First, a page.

|C||62.5% to below 75%|
|D||50% to below 62.5%|
I will also break each letter grade more finely using + and - (e.g., "A+" above 96%, "A" between 92% and 96%, etc) Grades will be determined by homework assignments, one final and midterm exams. The assignments are at the core of this class, and are worth 75% of your final grade.
There will be no curve on the final grades. There may need to be some adjustment to scores depending on the class average; however, any adjustment will be to lower the percentages given above, never to raise them.
Most assignments involve programming exercises. To make evaluating your work easier, you must e-mail me a single ``stand-alone'' file containing all your work by the start of class on the day the assignment is due. The file (e.g., a gzip tar archive or a zip file) must contain a suitable formatted response (e.g., PDF, Poscript, Word document, etc) to the questions posed in the assignment, along with a description of the remaining contents of the file, including, as needed, instructions on compiling and running any source code. Ideally a Makefile should be provided. Any static graphical output (plots, etc.) should be embedded in the response document.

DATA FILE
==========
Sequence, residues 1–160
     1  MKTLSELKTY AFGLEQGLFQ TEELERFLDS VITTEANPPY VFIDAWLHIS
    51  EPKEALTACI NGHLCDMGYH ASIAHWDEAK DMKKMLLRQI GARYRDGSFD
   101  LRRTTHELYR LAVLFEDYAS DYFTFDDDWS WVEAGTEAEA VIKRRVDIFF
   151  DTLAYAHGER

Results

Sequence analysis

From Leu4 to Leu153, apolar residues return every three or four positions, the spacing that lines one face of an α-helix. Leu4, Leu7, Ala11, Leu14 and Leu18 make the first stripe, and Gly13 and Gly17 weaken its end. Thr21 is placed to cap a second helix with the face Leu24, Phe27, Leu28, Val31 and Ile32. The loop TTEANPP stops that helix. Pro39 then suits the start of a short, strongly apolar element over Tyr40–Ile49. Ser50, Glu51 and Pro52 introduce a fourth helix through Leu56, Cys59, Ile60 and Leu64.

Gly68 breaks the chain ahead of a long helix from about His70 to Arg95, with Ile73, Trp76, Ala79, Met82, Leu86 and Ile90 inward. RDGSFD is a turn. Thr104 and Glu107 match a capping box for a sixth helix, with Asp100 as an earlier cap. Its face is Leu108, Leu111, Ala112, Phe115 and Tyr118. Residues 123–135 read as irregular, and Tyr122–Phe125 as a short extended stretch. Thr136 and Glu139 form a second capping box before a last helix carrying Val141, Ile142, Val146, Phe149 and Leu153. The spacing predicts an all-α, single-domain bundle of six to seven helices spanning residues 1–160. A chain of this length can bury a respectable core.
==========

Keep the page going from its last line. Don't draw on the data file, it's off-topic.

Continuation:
I will compile and run your code with a set of test parameters to ensure correct functionality and error handling. I will also consider your coding style when evaluating your work. I discourage the use of any programming language other than Fortran77, Fortran90, C, C++ and Java.
Assignments that are late will automatically incur a 20% penalty unless there are extenuating circumstances. Late assignments must be completed before the solutions are posted on the web to get any credit.
You may work in groups to discuss programming strategy, but you must submit your own solution to each assignment. Note that, just as for written prose, it is necessary to cite the source of any algorithms you use in completing assignments. This includes Numerical Recipes routines that you use.
Course Evaluation (Fall 2011)
Your participation in the evaluation of courses through CourseEvalUM is a responsibility you hold as a student member of our academic community. Your feedback is confidential and important to the improvement of teaching and learning at the University as well as to the tenure and promotion process. CourseEvalUM will be open for you to complete your evaluations for fall semester courses between Tuesday, November 29 and Wednesday, December 14. Please go directly to the website (http://www.courseevalum.umd.edu/) to complete your evaluations starting November 29. By completing all of your evaluations each semester, you will have the privilege of accessing online, at Testudo, the evaluation reports for the thousands of courses for which 70% or more students submitted their evaluations.